“The tacit social order of an organization: It shapes attitude and behaviours in wide-ranging and durable ways. Cultural norms define what is encouraged, discouraged, accepted, or rejected within a group. When properly aligned with personal values, drives, and needs, culture can unleash tremendous amounts of energy towards a shared purpose and foster an organization’s capacity to thrive.”1

Culture has a powerful effect on business results, helping to make or break even the most insightful strategy or the most experienced executives. It can encourage innovation, growth, market leadership, ethical behaviour and customer satisfaction. On the other hand, a misaligned or toxic culture can erode business performance, diminish customer satisfaction and loyalty, and deflate employee engagement.

1The Leader’s Guide to Corporate Culture’, Boris Groysberg, Jeremiah Lee, Jessa Price, and J. Yo-Jud Cheng, Harvard Business Review, Jan-Feb 2018.

Changing the culture

Whereas values are constant and provide the underpinnings of a family business, culture is necessarily more pliant; it is a catalyst for performance and yet it must evolve over time. The company culture needs to be able to adapt in line with a changing strategy. Since every company has to revisit and upgrade its strategy (with increasing frequency and urgency in the current climate), it must also devote time and energy to examining whether its culture is up to the task of delivering on the strategy.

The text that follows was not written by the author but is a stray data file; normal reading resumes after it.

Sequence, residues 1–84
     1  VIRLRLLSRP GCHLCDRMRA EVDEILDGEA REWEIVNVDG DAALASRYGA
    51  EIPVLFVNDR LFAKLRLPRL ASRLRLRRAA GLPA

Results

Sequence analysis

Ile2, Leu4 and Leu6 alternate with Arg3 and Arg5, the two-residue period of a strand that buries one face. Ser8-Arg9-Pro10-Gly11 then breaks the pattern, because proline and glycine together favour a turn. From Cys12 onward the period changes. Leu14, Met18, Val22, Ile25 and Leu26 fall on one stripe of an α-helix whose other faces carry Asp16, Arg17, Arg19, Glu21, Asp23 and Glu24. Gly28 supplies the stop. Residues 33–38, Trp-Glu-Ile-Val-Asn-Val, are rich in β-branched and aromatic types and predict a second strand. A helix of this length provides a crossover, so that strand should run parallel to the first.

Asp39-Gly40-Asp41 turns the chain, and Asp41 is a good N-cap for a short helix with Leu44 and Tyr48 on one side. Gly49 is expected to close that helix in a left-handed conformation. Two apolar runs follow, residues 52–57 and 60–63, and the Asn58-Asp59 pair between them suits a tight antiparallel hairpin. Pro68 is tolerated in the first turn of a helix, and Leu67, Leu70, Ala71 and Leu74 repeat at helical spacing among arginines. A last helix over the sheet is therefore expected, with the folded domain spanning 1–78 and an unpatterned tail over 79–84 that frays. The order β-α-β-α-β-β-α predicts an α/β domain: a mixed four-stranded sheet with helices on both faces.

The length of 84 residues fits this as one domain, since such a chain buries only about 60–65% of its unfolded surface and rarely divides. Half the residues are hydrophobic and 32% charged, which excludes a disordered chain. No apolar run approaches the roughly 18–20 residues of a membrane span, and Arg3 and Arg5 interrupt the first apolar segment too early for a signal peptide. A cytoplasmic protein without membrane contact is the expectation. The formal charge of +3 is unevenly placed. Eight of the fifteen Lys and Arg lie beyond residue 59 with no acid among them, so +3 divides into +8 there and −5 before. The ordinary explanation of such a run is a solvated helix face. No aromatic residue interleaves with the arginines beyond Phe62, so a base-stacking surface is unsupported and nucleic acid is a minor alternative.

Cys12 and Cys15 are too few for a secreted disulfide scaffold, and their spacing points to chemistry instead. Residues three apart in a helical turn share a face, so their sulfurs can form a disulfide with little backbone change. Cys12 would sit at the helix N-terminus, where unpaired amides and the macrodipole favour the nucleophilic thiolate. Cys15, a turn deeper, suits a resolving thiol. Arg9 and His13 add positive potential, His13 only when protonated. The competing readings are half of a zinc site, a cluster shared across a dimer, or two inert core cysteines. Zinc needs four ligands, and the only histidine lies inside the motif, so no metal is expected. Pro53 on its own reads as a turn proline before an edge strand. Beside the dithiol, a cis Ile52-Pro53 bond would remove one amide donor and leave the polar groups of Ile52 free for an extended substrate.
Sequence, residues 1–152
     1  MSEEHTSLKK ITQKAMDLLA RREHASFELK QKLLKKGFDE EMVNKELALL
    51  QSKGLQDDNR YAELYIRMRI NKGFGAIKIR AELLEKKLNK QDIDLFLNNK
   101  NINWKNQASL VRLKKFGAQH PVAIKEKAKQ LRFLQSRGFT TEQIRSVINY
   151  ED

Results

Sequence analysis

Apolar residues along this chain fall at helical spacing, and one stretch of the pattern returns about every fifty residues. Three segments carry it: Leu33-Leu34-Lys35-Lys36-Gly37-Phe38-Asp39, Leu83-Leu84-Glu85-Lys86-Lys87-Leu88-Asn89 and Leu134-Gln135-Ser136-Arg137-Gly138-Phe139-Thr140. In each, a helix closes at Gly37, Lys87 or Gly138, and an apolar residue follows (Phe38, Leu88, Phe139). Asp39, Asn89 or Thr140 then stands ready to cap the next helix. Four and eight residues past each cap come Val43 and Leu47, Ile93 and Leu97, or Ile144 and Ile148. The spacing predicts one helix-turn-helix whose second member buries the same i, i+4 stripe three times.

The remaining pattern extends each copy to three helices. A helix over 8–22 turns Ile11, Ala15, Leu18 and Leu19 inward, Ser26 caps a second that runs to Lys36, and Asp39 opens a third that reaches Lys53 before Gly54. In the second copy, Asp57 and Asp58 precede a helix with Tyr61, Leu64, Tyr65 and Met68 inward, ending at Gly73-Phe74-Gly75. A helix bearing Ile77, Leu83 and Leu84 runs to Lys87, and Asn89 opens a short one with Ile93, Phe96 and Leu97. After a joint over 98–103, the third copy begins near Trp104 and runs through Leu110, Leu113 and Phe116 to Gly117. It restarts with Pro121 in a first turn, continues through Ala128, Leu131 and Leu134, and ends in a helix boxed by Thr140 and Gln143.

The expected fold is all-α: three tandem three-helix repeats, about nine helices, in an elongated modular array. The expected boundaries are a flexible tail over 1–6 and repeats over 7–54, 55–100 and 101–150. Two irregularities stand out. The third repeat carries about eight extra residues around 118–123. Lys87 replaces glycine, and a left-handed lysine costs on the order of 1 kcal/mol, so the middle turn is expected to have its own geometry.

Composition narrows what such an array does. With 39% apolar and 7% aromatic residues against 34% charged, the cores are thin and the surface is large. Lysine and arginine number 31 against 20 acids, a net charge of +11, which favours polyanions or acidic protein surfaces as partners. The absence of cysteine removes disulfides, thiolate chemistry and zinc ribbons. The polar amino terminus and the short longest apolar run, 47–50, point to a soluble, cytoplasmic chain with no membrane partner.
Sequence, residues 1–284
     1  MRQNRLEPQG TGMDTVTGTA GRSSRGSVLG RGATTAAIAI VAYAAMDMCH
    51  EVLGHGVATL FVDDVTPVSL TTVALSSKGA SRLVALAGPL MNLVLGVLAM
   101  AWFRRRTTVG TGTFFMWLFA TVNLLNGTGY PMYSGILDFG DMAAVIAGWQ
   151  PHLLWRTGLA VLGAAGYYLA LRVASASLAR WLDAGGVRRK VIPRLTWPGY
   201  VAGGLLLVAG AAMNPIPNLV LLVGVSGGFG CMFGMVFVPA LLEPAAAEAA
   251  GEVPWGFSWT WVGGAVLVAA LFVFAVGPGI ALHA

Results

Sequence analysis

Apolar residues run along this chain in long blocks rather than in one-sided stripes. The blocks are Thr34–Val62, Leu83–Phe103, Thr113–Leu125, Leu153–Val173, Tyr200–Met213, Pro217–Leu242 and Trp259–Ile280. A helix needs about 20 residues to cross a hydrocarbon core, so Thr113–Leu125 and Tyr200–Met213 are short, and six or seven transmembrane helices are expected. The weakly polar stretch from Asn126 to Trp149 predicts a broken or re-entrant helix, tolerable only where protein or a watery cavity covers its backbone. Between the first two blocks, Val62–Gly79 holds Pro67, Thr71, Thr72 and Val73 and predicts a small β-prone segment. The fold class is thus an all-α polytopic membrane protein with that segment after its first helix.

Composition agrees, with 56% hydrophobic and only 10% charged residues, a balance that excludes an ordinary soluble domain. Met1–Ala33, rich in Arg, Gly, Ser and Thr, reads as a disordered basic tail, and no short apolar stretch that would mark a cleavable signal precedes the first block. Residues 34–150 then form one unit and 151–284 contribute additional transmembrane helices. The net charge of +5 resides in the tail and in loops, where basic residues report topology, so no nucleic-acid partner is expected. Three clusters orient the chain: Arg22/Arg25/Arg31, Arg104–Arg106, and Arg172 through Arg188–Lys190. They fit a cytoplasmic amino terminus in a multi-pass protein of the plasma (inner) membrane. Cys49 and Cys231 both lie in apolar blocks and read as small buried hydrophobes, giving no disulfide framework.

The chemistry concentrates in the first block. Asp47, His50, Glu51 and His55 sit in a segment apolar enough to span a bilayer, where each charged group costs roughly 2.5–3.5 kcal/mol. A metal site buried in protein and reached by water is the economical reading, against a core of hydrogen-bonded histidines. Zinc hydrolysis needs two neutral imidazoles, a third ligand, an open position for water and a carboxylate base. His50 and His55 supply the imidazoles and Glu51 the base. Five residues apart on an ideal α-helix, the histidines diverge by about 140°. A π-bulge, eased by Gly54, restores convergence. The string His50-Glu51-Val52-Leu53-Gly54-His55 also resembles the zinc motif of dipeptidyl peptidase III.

Even the best laid strategic plans will go to waste if the organizational culture is not aligned to the changing context, realities and goals of the business. When alignment is missing, culture eats strategy for breakfast, as the saying goes.

Even before the coronavirus pandemic, the world was in a constant state of flux as new technologies appeared, consumer behaviours changed and business models were upended. When leaders take their companies in a new strategic direction they need their organizations to respond. When transformation is required, the biggest barrier companies face is often their culture.